medical appointments online; the number of respondents reporting the
availability of online appointments in their local clinic increased by 7%
between 2013 and 2014 and reached 47%. Most respondents (90%) in Moscow and St.
Petersburg reported having this option, compared to just one third of
respondents in rural areas; most users of the system (60%) appreciated the
Free Health Care Gradually Disappearing
Despite the overall optimistic assessment, comparing
the data from the 2013 and 2014 Levada surveys with the data from the 2008 Roszdravnadzor
survey reveals a gradual decline in public satisfaction with both outpatient
and inpatient care in terms of access to free healthcare in a timely manner and
the providers' professional skills.
At least 80% of respondents in all population groups
are convinced that in the event of illness, they would not be able to access
free medical care to the extent needed.
Even though most Russian patients are entitled to free
healthcare, an increasing number of patients pay medical providers.
Such out-of-pocket payments are particularly common in
dental and in-patient care; a quarter of the recently surveyed hospital
patients reported having to pay for some types of services and almost half (47%)
reported having to buy their own medicines while in hospital.
Many Russians choose to pay for access to limited
healthcare resources which are supposed to be free for the patient; more than a
third of the patients who paid for ostensibly free services did so to get
treatment from the doctor or clinic of their choice, to get prompt access to
care, to motivate healthcare workers to pay more attention to the patient, and
to thank the providers.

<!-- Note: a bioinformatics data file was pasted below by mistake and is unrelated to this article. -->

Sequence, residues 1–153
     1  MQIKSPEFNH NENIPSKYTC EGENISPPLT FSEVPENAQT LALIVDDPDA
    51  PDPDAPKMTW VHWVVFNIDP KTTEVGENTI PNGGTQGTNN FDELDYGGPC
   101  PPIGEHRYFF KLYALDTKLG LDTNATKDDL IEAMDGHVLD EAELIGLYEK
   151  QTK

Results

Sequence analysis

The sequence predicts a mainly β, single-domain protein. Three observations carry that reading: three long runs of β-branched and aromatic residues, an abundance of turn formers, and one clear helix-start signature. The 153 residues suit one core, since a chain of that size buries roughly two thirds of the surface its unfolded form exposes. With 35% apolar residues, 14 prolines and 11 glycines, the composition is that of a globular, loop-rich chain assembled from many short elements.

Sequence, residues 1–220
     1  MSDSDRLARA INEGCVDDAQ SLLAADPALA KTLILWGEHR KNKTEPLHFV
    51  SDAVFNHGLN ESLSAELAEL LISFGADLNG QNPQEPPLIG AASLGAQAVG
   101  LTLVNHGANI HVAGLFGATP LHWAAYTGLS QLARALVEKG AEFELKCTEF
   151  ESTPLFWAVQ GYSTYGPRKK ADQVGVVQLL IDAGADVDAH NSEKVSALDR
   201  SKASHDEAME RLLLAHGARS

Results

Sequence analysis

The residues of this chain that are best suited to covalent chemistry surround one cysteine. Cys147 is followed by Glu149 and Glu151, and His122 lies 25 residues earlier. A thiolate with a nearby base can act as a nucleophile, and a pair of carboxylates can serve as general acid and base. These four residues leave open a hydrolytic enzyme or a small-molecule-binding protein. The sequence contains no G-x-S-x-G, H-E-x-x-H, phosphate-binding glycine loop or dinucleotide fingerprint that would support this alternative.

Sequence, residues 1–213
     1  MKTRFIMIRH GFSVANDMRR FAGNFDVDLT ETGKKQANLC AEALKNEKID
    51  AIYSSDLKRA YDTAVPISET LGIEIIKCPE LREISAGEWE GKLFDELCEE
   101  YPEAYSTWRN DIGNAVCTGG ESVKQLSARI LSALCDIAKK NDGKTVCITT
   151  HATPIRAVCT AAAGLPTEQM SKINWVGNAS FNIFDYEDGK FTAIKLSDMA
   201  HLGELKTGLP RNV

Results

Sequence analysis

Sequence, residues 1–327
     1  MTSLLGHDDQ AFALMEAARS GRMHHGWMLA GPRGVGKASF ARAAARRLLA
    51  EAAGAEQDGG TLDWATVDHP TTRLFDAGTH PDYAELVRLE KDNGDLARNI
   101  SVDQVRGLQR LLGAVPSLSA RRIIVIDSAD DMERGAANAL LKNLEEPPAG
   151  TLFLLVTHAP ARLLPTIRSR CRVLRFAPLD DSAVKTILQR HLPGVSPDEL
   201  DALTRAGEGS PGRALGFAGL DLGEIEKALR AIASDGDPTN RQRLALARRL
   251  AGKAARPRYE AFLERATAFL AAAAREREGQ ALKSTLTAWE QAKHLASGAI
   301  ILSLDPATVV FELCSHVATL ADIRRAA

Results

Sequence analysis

Money Matters More Than Patients?
Russians tend to be sceptical about doctors; almost
two thirds of respondents believe that most doctors in the country do not have
sufficient professional skills (58%) and are more concerned about their income
than their patients (60%).
In particular, respondents were dissatisfied with
outpatient care; while 41% reported having accessed an outpatient clinic in the
prior 12 months, they denied seeing any improvement of their health as a
result, and the proportion of those unhappy with outpatient care increased by
9% between 2013 and 2014.
Generally, Russians are satisfied with ambulance
services, except with reported delays that could cost a patient their life; one
in five respondents (one in ten in Moscow and St. Petersburg) who reported
having called an ambulance encountered problems such as a refusal to send an
ambulance, a long wait, or other similar issues.
Satisfaction with inpatient care is quite high at 82% as
a national average, including 33% who are are fully satisfied and 49% who are
rather satisfied. Most people satisfied with inpatient care (87%) are those with
higher incomes; according to the study's authors, the reason may be that they
can afford to pay for extra care and a more comfortable environment.
Quality More Important Than Proximity
The surveys quoted above provide feedback on the main
dilemma of Russia's healthcare delivery reform, i.e. access vs. quality. Most Russians are prepared, to a certain degree, to
sacrifice geographical access for better quality of care.
creating well-staffed and highly-equipped medical facilities at the inter-district
level, in particular by pooling the resources of clinics and hospitals as it is
done today in Moscow, is a potential healthcare reform solution likely to be
accepted by most Russians," concludes Shishkin.